“How are the kids?” A nice conversational question. But, let’s be serious for a second. How are the nation’s kids doing?
Each year, The Annie E. Casey Foundation publishes a report called the KIDS COUNT Data Book. The publication uses 16 indicators in 4 categories (economic well-being, education, health and family and community) to assess the overall well-being of our nation’s children. It also ranks the states to provide insight into where improvements are needed.
As you might imagine, this year’s report focuses on the economic recovery and the lingering effects of the recession.
The child poverty rate has remained stubbornly high. At 22 percent in 2013, it was still several percentage points higher than before the recession.
Sometimes statistics can make your eyes glaze over. But, when you stop and understand that this means nearly a quarter of our nation’s children live in disadvantaged conditions – it is alarming. The report offers some hope – that the statistics regarding job creation and the economic recovery have improved since the latest available data for the 2015 KIDS COUNT Data Book. That’s encouraging, and I look forward to seeing the child well-being data as it comes out over the next 2 years. However, just waiting around for the economic recovery is not really an answer. Even with a full economic recovery, poverty and inequality will still exist, unless we take action.
We must renew our commitment to one of our nation’s primary values: Individuals who are willing to work hard should be able to provide for their families. We don’t need to accept the current proliferation of low-quality jobs as inevitable.
It seems like common sense that poverty and inequality play a major role in outcomes for children.
Children raised in low-income families have less access than their higher-income peers to enriching early experiences, such as high-quality preschool, books and a rich language environment at home.
Yet, too often poverty and inequality feel overlooked in discussions about education. We talk a lot about teachers, tests and school budgets. These are all important pieces to the puzzle, but the puzzle cannot be completed without talking about economic inequality. Is it that we simply can’t imagine fixing the economic inequalities that exist today? Is it easier to blame low-income parents for not providing a rich home environment than it is to help them tackle the extra burdens they face every day?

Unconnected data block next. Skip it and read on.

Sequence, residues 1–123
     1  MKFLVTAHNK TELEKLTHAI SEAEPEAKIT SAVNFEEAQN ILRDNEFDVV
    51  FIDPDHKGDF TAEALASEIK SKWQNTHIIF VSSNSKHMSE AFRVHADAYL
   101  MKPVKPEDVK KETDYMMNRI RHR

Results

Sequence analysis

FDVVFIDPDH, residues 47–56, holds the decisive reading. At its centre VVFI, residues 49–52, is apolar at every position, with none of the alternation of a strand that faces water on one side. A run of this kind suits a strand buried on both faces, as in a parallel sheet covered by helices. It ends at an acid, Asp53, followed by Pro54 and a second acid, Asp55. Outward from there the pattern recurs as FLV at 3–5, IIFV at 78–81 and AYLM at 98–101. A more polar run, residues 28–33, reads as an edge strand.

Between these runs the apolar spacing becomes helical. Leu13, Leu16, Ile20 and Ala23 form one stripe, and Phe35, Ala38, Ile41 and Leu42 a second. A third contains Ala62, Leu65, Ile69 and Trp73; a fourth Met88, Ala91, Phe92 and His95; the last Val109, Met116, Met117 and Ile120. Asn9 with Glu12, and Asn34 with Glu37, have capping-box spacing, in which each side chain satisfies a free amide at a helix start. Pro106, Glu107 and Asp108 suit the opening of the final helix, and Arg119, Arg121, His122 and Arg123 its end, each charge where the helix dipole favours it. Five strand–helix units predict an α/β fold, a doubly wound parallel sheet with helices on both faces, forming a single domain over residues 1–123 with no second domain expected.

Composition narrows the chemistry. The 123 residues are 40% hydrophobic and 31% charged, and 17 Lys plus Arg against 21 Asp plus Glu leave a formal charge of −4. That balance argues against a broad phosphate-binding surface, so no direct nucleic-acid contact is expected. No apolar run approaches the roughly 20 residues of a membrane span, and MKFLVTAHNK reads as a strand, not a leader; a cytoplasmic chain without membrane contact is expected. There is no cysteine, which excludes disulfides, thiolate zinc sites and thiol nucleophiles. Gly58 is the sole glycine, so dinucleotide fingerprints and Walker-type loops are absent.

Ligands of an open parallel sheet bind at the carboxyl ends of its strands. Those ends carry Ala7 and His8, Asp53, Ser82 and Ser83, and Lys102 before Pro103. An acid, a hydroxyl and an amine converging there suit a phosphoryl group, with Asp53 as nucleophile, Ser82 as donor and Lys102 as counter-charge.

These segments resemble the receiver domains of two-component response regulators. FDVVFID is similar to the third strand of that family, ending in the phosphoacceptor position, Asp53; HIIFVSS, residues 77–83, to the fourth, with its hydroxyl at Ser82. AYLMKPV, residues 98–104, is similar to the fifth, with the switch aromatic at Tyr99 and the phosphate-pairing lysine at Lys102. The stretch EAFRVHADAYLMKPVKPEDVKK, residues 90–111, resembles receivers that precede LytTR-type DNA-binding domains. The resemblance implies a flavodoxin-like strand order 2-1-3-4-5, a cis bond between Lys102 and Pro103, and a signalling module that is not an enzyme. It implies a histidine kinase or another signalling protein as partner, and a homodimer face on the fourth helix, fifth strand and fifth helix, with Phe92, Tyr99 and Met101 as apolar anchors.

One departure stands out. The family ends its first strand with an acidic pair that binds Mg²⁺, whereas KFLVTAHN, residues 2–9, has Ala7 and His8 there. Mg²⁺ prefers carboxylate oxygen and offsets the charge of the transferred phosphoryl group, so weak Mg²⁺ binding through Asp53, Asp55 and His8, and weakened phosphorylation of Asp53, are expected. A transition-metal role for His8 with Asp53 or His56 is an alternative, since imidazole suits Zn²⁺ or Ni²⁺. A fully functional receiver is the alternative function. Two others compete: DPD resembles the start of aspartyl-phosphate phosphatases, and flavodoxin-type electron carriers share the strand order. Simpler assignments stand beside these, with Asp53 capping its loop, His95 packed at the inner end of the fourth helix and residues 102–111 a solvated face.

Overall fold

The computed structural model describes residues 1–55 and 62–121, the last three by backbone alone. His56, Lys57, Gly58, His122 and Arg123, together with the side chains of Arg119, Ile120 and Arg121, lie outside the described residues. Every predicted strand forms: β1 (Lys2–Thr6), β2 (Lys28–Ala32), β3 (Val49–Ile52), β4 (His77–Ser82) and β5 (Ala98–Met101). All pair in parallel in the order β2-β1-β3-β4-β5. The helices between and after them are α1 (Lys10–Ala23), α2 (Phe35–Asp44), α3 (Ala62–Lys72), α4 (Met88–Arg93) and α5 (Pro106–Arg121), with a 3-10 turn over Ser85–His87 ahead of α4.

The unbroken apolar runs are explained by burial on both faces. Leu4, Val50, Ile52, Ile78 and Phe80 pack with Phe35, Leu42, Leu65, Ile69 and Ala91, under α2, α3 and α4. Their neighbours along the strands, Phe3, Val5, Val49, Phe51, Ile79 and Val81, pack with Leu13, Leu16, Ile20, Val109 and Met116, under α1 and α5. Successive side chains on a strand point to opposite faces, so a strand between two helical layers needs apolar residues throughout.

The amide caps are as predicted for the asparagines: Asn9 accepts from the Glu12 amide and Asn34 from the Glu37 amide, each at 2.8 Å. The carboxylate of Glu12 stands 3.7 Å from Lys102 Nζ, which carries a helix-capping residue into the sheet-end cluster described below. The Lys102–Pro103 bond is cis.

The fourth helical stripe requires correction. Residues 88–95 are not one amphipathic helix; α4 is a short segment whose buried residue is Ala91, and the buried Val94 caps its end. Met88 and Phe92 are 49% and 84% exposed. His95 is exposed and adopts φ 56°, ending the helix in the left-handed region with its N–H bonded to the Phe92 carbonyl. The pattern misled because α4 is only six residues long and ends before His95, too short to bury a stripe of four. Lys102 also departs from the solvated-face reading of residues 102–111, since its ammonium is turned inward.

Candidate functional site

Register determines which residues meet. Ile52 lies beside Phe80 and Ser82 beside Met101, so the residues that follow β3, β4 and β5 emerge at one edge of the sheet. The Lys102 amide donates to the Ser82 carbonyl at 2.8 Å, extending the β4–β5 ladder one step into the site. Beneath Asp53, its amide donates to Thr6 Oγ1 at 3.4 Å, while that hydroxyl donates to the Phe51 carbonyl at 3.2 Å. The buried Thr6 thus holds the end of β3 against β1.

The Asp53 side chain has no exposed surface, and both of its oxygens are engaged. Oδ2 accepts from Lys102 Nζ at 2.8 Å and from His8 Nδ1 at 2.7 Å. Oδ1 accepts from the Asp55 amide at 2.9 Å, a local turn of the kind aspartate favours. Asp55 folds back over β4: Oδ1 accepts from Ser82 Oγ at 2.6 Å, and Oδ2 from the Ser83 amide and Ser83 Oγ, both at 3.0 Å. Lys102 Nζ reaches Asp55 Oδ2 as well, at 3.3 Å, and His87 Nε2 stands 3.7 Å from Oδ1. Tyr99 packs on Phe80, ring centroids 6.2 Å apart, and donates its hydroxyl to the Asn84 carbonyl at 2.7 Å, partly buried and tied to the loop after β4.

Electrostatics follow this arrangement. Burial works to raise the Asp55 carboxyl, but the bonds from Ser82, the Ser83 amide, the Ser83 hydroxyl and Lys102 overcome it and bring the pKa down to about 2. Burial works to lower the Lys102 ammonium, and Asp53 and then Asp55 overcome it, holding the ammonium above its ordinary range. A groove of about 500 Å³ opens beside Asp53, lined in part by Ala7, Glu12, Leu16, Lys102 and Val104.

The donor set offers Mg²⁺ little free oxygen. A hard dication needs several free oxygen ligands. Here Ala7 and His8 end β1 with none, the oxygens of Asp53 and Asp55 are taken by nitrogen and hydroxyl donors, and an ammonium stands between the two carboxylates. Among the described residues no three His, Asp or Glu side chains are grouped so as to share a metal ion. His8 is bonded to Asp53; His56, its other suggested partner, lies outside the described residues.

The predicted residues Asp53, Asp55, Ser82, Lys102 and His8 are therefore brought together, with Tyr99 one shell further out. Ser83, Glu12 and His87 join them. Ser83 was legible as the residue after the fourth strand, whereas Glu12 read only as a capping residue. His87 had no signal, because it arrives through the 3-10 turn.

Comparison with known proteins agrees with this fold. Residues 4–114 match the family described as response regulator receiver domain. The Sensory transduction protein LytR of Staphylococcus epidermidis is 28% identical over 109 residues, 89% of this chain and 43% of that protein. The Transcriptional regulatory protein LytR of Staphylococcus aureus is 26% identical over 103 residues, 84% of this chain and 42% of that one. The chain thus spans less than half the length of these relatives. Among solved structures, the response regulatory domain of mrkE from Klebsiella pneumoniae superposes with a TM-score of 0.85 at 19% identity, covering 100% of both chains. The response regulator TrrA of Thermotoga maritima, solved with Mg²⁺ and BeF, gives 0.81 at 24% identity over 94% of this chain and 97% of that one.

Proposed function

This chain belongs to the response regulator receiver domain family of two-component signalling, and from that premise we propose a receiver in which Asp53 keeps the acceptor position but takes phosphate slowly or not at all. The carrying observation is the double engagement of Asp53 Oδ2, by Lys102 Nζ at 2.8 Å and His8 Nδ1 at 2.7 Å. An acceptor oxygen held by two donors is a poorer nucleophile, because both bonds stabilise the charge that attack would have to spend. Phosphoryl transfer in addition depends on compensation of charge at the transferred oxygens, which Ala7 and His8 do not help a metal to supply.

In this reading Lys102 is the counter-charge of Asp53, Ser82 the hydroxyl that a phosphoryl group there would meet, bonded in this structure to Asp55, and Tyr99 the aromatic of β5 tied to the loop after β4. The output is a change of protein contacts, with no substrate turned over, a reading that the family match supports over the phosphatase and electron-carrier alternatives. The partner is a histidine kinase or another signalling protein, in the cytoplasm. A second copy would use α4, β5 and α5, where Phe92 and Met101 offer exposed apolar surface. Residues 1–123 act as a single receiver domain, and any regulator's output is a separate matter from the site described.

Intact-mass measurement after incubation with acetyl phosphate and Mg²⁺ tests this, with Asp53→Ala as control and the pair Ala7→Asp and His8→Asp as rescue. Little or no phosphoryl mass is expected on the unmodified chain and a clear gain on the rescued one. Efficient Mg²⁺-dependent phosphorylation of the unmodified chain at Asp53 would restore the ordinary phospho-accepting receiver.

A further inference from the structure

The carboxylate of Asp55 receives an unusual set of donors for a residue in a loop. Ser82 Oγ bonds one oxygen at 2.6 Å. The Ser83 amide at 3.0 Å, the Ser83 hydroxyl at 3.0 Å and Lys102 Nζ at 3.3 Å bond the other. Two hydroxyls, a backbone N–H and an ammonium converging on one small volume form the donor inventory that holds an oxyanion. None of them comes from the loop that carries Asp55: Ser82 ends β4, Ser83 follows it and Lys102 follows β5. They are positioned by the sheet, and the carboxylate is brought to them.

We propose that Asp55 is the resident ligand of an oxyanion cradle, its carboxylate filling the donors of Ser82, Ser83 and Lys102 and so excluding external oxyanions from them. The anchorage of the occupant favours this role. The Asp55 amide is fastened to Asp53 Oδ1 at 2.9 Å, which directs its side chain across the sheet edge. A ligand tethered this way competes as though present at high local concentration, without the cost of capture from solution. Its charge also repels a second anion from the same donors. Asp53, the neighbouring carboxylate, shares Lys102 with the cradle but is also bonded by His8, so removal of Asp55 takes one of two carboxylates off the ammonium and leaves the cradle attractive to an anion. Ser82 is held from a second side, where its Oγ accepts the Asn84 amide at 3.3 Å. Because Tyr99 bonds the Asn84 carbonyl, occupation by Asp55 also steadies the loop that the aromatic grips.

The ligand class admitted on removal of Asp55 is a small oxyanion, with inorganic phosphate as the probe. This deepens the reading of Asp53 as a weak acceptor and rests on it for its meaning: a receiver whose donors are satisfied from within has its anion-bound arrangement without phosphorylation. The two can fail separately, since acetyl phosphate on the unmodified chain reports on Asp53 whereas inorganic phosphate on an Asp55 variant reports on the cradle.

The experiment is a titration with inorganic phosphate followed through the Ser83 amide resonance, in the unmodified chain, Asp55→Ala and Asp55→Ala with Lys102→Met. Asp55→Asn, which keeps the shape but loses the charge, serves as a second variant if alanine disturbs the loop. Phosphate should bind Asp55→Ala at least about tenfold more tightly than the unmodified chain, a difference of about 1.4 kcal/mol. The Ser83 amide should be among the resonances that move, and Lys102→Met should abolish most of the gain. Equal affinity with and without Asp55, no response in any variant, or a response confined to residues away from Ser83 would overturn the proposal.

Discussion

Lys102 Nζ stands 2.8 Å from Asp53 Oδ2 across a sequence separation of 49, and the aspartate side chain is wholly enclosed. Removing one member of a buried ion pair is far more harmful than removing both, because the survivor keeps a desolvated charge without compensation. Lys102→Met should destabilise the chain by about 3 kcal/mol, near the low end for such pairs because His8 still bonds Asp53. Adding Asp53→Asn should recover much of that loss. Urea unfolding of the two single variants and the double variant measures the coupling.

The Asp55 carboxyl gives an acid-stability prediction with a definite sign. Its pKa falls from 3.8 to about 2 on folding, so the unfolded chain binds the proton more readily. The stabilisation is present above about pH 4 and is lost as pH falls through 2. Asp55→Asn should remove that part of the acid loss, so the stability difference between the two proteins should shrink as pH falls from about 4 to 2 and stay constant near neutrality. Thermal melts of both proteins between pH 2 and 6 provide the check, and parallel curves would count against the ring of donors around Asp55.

The best way to facilitate optimal outcomes for today’s children is to address their needs, while providing tools and assistance to their parents.
There are a lot of great teachers out there doing what they can with the resources they have. And, there are educational innovators trying to change things for the better. But, what can we – mere citizens – do to improve the outlook for our nation’s children?
Here are a handful of ways you can make a difference:
1. Write to your legislator
Your ideas do matter. All it takes is one great idea voiced to someone in power. Yes, the letters we send to our politicians are read. Plus, more people speaking up about inequality, education and child well-being improves the chance that the politically powerful will pay attention.
There are many opportunities to volunteer at the local level – in schools and libraries and with local charities that address specific needs in your community. Are you great at math? You could become a tutor. Interested in improving your city’s literacy rates? There’s probably a group you can join that’s working on it, and they likely have a website.
3. Start a non-profit
Is no one in your town working on the issue that’s important to you? Start your own group. Here is a link to a helpful blog post at the U.S. Small Business Administration titled How to Start a Non-Profit Organization.
4. Stay involved with your kids and encourage them to help others
The first 3 ideas probably seem like they require a large time commitment, and in the case of starting your own non-profit, that’s very true. The easiest thing we could do, however, is to look at how we treat each other. Are we sending the message to our kids to help others when they are in need? If your child came home and talked to you about a classmate who was struggling at school or at home, would you largely ignore it or would you help your child find a way to help their classmate?
In what ways do you help improve the lives of our nation’s children? Teachers and parents – what is the most helpful thing an individual could do to help you make improvements in the lives of the children you care for? Let’s talk about it in the comments section.